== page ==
•      Anion - negatively charged electrolyte, e.g, Cl- , HCO3-  po4-3
  •      The chief extracellular cation is Na+
  •      The chief intracellular cations are k+

§  Cl- is the predominant anion outside cells whereas phosphates constitute the bulk of intracellular anions.


·         Control the fluid balance of the body

·         Important

a)      In muscle contraction 

b)      In energy generation - and almost every major biochemical reaction in the body.

Movement of body fluids:

Membrane transport processes:

1) Passive transport

  •         It is the movement of substances across a membrane from higher to lower concentration (down a concentration gradient)
  •         It does not require metabolic energy.

Simple diffusion –

  •          It is the movement of substances from a region of high concentration to a region of low concentration.
  •          Generally, simple diffusion of water, gases, and other small uncharged molecules across plasma membranes can occur in the absence of transport proteins.

Facilitated diffusion –

  •          It is a transport of substances across a biological membrane
  •          From an area of higher concentration to an area of lower concentration by a carrier proteins.

2) Active transport:

  •         It is the movement of substances across a membrane against gradient (from low concentration to high concentration).
  •          Active transport requires energy and involves specific carrier proteins.

Movement of fluids due to

1) Hydrostatic pressure

2) Osmotic pressure

1) Hydrostatic pressure:

It is physiological processes that regulate fluids intake & output as well as movement of water & substances dissolved in it between the body compartments          

 2) Osmotic pressure:

The pressure exerted by the flow of water through a semi-permeable membrane separating two solutions with different concentration of solute.


It is diffusion of a solvent (usually water molecules) through a semi-permeable membrane from an area of low solute concentration to an area of high solute concentration.

Osmotic pressure:

  • It is pressure which forces the water to move from where there is little dissolved solute to where there is lots dissolved solutes.
  •  It is determined by the number of particles per unit volume of fluids
  • The amount of osmotic pressure exereted by a solute is proportional to the number of molecules or ions.
  • Osmoles is the unit used to express the concentration in term of numbers of particles.

Regulation of body fluids and electrolytes

·         Fluid intake and output are balanced.

Water Balance:

Water balance exists when water intake equals water output.

Water Intake:

  •          The volume of water gained each day varies from one individual to the next.
  •         About 60% of daily water is gained from drinking,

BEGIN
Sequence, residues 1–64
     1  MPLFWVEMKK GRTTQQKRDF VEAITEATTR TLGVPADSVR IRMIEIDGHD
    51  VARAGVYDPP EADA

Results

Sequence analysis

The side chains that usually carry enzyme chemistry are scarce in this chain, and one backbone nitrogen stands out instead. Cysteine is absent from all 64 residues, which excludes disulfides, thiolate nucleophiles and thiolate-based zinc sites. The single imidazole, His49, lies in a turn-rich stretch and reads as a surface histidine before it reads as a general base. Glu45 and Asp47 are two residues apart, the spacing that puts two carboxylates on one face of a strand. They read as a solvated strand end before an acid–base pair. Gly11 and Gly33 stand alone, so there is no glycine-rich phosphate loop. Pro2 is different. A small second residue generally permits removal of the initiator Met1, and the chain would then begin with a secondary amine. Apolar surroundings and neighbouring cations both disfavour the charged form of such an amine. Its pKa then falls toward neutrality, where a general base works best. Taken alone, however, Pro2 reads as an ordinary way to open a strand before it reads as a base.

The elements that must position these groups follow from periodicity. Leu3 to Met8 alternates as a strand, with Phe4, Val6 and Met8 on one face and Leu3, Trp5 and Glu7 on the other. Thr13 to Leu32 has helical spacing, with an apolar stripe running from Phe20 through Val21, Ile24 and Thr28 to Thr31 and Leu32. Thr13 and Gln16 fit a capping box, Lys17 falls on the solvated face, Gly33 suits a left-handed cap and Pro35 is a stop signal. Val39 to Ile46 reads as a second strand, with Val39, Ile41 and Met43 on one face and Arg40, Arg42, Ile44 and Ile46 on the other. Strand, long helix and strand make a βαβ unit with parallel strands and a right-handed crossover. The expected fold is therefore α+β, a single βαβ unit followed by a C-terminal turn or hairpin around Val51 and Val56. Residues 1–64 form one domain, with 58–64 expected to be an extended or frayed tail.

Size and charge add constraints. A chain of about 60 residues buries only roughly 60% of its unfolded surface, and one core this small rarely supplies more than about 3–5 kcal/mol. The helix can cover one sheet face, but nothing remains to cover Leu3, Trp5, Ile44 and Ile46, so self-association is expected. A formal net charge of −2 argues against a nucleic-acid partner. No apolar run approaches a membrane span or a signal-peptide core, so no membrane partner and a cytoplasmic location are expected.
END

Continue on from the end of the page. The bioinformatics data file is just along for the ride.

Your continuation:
•          Another 30% comes from moist foods, and 10% from the water of metabolism

Regulation of Water Intake:

  •          The thirst mechanism is the primary regulator of water intake.
  •         The thirst mechanism derives from the osmotic pressure of extracellular fluids and a thirst center in the hypothalamus.
  •         Once water is taken in, the resulting distention of the stomach will inhibit the thirst mechanism.

Water Output:

  •          Water is lost in urine, feces, perspiration, evaporation from skin (insensible perspiration), and from the lungs during breathing.
  •          The route of water loss depends on temperature, relative humidity, and physical exercise.

Regulation of Water Output:

  •          The distal convoluted tubules and collecting ducts of the nephrons regulate water output.
  •          Antidiuretic hormone from the posterior pituitary causes a reduction in the amount of water lost in the urine.
  •          When drinking adequate water, the ADH mechanism is inhibited, and more water is expelled in urine.

Disorders of water balance:

  1.          Dehydration: water loss exceeds water intake
  2.          Hypotonic hydration: ECF is diluted (there is increase in water, causing ECF sodium levels to lower (hyponatremia), increase in osmosis occurs and tissue cells swell (oedema).


Electrolytes, charged ions capable of conducting electricity, are present in all body fluids and fluid compartments. Just as maintaining the fluid balance is vital to a normal body function, so is maintaining electrolyte balance.

Although the concentration of specific electrolytes differ between fluid compartments, a balance of cations (positively charged ions) and anions (negatively charged ions) always exists.

Electrolytes are important for

  •          Maintaining fluid balance.
  •          Contributing to acid–base regulation.
  •          Facilitating enzyme reactions.
  •          Transmitting neuromuscular reactions.

Electrolyte Balance:

An electrolyte balance exists when the quantities of electrolytes gained equals the amount lost.

Regulation of Electrolyte Intake:

  • A person ordinarily obtains sufficient electrolytes from food eaten.
  •  A salt craving may indicate an electrolyte deficiency.

Electrolyte Output:

  • Losses of electrolytes occur through sweating, in the feces, and in urine.

Body Fluids, Type and Regulation Complete Notes PDF

Body Fluids, Type and Regulation Complete Notes PPT